In this workshop presentation, I will introduce “Z” (Zinacantec Family Homesign), an emerging first generation sign language from a Tzotzil (Mayan) speaking community in Chiapas, Mexico, and the ways I have tried to study it over the past seven years or so. I will concentrate on the structure of attention in Z conversation and the foundational importance of two general formal devices for managing mutual attention: pointing and gaze. Adapting somewhat Du Bois’ aphorism (1985) that “grammars code best what speaker do most” I will sketch very briefly some of my own previous work on the grammaticalization of attention in Z, turning, as time permits, to evidence in the signing and socialization of the first (and perhaps only) second generation signer of standards of well-formedness and the formal regimentation of mutual attention as central to the emergence of this new language.



LVC schedule for spring 2015

Hello everyone! For the Spring 2015 quarter, LVC is pleased to announce the following talks. Please be attentive to start times and rooms.

Friday, April 17th: Asia Pietraszko (Department of Linguistics, University of Chicago); joint presentation with the Workshop on Language, Cognition, and Computation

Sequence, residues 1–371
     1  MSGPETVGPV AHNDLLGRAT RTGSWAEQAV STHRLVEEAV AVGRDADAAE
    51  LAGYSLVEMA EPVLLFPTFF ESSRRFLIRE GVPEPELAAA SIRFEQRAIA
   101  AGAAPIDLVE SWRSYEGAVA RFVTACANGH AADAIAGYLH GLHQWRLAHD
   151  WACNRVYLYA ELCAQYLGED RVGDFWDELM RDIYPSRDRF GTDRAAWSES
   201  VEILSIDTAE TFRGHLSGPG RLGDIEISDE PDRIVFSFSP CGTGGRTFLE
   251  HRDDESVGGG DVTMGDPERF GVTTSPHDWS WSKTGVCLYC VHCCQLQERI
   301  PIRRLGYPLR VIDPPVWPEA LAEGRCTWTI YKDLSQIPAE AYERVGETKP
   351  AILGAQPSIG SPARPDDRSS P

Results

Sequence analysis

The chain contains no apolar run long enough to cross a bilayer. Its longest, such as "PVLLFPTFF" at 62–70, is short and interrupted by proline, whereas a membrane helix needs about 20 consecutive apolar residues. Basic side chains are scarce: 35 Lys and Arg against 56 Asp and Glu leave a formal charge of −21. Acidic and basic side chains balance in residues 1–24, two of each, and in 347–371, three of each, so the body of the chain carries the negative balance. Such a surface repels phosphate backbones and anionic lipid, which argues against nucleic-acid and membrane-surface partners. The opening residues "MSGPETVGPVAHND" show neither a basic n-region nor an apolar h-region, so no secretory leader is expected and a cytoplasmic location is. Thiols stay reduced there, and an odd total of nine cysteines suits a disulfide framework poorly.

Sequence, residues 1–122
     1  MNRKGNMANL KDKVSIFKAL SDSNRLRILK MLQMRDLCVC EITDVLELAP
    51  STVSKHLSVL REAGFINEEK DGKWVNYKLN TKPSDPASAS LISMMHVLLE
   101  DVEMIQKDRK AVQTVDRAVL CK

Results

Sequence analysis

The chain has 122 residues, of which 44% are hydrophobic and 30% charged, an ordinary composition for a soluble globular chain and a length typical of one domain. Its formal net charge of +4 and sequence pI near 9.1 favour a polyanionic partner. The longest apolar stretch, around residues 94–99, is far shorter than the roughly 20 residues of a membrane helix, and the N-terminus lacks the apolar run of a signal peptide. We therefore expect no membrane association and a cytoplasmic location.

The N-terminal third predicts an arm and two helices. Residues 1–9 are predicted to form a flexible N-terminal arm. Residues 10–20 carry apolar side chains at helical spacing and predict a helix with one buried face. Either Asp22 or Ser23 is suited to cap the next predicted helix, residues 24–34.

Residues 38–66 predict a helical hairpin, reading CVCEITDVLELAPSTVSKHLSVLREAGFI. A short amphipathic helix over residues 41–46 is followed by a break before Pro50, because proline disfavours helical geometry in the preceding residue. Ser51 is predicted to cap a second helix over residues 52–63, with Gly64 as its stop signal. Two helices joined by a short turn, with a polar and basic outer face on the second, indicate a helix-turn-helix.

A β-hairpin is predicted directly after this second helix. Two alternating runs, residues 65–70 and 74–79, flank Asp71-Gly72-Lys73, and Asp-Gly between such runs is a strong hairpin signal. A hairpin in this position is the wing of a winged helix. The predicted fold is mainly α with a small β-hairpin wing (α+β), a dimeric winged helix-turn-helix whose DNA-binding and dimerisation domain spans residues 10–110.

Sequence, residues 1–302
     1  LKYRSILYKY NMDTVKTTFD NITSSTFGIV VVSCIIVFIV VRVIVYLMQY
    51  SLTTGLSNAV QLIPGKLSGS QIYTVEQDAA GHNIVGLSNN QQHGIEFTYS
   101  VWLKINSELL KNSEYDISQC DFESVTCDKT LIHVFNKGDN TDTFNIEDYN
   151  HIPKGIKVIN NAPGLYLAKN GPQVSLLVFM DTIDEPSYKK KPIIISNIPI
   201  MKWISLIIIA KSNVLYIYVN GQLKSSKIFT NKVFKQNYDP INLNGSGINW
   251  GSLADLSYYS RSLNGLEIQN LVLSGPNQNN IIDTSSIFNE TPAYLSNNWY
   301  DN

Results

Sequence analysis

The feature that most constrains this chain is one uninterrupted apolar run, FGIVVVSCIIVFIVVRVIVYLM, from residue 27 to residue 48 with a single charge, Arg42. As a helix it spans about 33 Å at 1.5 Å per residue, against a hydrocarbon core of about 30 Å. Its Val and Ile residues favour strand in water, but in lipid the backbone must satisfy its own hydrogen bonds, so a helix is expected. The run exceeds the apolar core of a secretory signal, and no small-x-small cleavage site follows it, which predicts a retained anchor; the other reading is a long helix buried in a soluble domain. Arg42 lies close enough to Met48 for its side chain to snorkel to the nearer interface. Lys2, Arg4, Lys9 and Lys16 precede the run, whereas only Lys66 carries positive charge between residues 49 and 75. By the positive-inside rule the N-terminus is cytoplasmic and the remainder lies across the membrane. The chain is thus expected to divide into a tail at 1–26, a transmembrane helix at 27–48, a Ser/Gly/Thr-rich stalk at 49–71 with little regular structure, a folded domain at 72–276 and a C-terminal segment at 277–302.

“The morphology of compound tenses in Ndebele”

Friday, May 8th: Professor Jerrold Sadock (Department of Linguistics, University of Chicago)
“West Yiddish: The Extinct Ethnolect of German Jews”

Tuesday, June 2nd: Katie Franich (Department of Linguistics, University of Chicago)
11am: Wieboldt 130
“Finding the Beat in a Tone Language”

Friday, June 5th: Professor John Haviland (Department of Linguistics, UC San Diego); joint presentation with the Semiotics Workshop
1:30pm: Social Sciences 122
“Complementary indexicalities: gaze, pointing, and conversational scaffolding in an emerging sign language”

Monday, June 8th: Professor Petra Goedegebuure (Department of Near Eastern Languages and Civilizations & the Oriental Institute, University of Chicago)
3:30pm: Rosenwald 432
“The rise of split ergativity (or rather split accusativity) in Hittite”

Tuesday, June 9th: Adam Singerman (Department of Linguistics, University of Chicago)
12pm: Rosenwald 011

Professor Cristoph Harbsmeier (University of Oslo) at LVC on Thursday, March 12th!

“Strategies of Literacy among the Dungan of Central Asia”
Professor Cristoph Harbsmeier

Thursday, March 12th, @ 4PM in Social Sciences 401.

Christoph Harbsmeier

Discussions about literacy tend to be about the difference literacy makes to cultures.

The present talk is about the crucial difference it makes not only what kind of alphabetic or syllabic writing system is adopted, but especially what general type of writing system (Chinese-type morphemic versus purely phonetic) is chosen. I shall discuss the cultural politics and the linguistic impact of such choices between writing systems in the history of the Dungan language in Kyrgyzstan.